We could, for example, link tax breaks and new office space to housing construction and Muni improvements: First, you show there’s housing for the new workforce without displacing anyone, and you show there’s the infrastructure to handle the growth. Then you grow. All I’m saying is: That’s a policy option.

And in the same way, we can — in theory, anyway — put a halt to all displacement in San Francisco.

If the state Legislature would give us the tools, we could essentially bar all evictions for anything except failure to pay rent or creating a nuisance. We could ban all condo conversions and TICs. We could extend rent controls to vacant apartments. We could say: The first priority for this city is protecting existing, vulnerable populations, and all planning decisions will be based on that rule.

We could say that if you are a software engineer who makes $200,000 a year, you can’t move to San Francisco – unless you can find someone who wants to sell you his or her house, or you can find an apartment that has been voluntarily vacated. You want to come to the Bay Area at 24 years old with your big money? Find – live in Antioch, commute to your job, and get in line. After a few years, something in the Mission might open up for you.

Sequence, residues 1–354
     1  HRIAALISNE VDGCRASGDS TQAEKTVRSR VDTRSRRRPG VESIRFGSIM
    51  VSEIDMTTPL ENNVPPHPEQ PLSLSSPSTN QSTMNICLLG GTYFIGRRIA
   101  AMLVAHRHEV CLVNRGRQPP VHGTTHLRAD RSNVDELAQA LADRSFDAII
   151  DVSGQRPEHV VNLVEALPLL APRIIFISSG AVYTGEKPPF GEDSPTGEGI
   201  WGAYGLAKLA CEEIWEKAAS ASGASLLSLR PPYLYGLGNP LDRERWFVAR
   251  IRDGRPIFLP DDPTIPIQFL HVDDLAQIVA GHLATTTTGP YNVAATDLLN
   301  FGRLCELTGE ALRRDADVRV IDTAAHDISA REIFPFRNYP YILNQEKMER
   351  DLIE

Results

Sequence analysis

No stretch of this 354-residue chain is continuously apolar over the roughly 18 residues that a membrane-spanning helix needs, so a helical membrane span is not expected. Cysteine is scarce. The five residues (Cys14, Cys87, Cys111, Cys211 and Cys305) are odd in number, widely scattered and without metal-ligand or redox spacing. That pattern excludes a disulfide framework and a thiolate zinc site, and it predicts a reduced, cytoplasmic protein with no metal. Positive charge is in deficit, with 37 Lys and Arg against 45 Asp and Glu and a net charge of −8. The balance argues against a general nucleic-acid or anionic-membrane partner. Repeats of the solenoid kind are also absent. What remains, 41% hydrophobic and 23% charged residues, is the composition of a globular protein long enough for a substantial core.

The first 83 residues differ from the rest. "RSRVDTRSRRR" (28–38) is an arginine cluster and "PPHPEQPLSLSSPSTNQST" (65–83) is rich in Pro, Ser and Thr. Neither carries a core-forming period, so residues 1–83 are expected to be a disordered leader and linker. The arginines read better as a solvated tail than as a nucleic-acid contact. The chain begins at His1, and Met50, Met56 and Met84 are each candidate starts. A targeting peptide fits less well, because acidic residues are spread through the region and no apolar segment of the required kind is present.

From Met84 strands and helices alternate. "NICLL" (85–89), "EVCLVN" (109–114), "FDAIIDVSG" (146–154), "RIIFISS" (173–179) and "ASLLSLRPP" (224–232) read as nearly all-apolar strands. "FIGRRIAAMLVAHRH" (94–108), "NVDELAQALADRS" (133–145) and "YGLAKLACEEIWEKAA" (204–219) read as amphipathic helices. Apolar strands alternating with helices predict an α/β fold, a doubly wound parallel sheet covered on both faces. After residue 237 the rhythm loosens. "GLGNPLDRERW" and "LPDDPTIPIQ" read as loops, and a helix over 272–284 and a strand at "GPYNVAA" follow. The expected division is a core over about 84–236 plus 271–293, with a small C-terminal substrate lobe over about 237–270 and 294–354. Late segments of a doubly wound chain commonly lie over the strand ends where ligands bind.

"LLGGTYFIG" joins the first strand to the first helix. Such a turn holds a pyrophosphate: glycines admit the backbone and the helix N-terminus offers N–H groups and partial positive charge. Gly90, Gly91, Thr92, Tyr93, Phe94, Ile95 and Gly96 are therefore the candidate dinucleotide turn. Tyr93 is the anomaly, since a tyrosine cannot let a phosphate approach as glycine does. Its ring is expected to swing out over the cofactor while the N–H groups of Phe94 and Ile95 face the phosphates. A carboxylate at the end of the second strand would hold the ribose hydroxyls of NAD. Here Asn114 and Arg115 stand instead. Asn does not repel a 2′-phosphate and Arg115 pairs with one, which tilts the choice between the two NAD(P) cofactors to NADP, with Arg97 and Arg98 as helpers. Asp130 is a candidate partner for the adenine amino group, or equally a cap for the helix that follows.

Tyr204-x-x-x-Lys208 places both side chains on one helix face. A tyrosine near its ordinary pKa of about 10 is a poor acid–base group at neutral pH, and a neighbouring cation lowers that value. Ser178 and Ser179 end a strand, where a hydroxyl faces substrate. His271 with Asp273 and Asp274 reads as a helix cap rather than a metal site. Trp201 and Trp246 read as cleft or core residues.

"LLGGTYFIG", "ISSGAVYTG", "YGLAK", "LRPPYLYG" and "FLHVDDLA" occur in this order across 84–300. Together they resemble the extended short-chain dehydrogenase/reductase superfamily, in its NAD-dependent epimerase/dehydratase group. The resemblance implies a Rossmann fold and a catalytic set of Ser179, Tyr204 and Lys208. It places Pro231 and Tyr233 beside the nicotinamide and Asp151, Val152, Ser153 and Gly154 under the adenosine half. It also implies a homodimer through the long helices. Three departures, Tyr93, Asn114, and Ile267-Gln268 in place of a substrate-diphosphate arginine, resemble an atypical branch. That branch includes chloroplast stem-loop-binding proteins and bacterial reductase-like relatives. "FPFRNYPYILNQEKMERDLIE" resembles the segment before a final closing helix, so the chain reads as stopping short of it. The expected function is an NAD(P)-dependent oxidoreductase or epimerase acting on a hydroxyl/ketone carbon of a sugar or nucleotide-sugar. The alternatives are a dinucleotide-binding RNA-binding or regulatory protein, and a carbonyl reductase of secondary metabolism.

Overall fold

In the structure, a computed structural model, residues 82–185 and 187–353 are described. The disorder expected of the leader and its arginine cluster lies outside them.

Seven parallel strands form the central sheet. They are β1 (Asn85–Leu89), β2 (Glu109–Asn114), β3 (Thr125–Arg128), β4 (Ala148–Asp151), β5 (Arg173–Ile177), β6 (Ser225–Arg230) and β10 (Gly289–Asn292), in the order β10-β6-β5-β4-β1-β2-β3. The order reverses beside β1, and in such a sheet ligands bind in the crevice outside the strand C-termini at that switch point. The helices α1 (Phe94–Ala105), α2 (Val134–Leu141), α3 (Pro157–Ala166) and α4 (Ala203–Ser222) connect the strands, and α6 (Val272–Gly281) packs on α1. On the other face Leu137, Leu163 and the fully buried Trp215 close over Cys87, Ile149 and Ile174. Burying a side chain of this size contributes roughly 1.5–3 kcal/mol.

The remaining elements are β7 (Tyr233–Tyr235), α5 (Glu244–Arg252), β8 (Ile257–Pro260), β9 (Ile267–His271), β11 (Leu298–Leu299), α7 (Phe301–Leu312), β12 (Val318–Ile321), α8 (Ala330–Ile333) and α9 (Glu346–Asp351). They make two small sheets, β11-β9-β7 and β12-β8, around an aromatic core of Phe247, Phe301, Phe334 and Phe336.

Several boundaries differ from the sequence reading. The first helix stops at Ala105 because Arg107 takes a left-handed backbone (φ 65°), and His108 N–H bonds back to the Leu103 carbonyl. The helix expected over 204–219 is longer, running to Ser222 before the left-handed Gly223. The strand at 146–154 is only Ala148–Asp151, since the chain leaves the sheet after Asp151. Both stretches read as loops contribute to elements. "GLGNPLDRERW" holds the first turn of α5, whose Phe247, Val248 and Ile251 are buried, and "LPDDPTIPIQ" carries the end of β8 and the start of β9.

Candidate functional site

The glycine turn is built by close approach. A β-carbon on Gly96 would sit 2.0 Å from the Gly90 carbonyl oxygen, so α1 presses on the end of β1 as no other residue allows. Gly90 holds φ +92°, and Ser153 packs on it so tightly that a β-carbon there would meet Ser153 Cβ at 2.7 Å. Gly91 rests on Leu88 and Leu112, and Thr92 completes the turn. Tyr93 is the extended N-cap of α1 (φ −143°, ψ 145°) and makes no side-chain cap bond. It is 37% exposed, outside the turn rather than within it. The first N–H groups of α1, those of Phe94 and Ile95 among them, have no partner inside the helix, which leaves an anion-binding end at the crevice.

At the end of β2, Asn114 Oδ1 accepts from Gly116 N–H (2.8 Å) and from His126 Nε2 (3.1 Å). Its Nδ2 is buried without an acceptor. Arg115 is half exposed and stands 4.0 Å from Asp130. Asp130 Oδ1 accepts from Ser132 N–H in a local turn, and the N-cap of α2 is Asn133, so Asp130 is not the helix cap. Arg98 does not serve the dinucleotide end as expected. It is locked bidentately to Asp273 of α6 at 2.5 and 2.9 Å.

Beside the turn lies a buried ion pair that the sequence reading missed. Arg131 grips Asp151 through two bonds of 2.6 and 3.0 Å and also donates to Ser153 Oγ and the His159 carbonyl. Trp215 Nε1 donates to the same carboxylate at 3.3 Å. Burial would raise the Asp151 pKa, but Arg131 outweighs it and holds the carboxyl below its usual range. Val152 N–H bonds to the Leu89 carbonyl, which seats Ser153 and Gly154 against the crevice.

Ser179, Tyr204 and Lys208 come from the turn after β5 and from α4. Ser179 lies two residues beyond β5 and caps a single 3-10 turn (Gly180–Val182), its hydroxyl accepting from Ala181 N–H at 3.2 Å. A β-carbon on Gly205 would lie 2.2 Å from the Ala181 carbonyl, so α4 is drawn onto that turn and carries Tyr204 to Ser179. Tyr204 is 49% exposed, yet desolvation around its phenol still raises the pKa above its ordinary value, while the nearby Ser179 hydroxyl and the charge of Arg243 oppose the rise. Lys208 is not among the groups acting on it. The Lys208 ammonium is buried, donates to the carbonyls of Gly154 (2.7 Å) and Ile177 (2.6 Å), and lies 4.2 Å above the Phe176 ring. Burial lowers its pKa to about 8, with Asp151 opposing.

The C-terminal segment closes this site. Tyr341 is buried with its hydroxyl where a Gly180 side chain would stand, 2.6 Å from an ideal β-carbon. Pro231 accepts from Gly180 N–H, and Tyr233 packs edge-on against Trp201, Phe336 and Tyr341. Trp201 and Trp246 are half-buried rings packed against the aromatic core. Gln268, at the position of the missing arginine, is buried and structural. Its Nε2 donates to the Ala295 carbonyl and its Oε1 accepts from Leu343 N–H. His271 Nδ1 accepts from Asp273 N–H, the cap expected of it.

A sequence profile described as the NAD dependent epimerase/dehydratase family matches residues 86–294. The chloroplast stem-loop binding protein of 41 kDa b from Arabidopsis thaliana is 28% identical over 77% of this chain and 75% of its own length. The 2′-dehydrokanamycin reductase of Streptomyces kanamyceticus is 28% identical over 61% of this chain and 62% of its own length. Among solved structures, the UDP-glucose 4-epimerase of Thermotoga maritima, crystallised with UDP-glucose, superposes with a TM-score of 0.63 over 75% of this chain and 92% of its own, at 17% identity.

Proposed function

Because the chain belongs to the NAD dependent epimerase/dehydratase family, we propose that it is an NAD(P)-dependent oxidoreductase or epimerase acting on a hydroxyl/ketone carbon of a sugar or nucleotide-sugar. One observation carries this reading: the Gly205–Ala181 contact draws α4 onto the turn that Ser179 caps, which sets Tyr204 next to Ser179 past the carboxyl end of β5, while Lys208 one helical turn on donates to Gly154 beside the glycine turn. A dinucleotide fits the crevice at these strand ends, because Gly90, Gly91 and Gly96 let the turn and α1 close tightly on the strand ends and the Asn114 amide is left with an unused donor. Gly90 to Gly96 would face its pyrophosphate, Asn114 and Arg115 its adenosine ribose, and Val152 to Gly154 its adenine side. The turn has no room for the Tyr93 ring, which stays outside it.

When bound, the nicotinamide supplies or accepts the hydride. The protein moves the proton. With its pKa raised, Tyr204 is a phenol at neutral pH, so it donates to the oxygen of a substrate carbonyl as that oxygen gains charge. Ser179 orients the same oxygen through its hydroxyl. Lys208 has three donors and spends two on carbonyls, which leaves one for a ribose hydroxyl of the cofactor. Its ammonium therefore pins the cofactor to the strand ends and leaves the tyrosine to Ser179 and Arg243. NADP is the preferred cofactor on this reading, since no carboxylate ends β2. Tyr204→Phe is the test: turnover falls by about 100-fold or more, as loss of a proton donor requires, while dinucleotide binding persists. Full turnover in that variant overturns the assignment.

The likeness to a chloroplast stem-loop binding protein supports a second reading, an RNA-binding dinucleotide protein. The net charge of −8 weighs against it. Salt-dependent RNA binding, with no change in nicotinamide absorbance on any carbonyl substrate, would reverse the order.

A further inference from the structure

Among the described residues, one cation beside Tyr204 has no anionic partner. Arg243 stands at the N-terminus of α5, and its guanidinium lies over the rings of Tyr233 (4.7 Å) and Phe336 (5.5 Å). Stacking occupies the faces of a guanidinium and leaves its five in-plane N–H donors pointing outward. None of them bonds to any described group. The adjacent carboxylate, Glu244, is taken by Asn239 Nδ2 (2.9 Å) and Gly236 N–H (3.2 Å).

(If we did that, the next Twitter might not be started here. That’s both good and bad. Imagine if the next great idea, the one that would bring in billions, wound up in Detroit. We might all, as an American society, be better off. It’s at least an interesting discussion.)

Now: That wouldn’t stop Mark Zuckerberg from buying a place in Noe Valley. You have enough money, you can entice an existing homeowner to sell. But that’s – and it’s a key word here – voluntary. If Zuckerberg told me he wanted my house in Bernal Heights, and he offered me $10 million, I might say: Sure. I’ll take that cash and move my family somewhere else. ButI might also say: Sorry, dude. This is my home, the place where my family lives, where my daughter and me spend days painting her bedroom to get it just exactly right, where we grow vegetables in the back yard and I can ride my bike everywhere I want to go. Take your money and shove it; I live here.

We could, as a city, take the position that tenants have the same rights.

The morning after our event, the head of the San Francisco Apartment Association complained on KQED Forum that too many tenants are paying below-market rent – that rent control is a huge burden on landlords. But there’s fundamental disconnect in that argument.

Let us assume, for a moment, that landlords – people who go into the business of buying and renting out residential property – are not idiots. That they are good capitalists. They look at a piece of property and say: Here’s the existing rents from existing tenants, which can’t go up because of rent control. Here’s the price of the building, the mortgage and property tax payments, the expected maintenance, the garbage fees, and the profit that I need to make.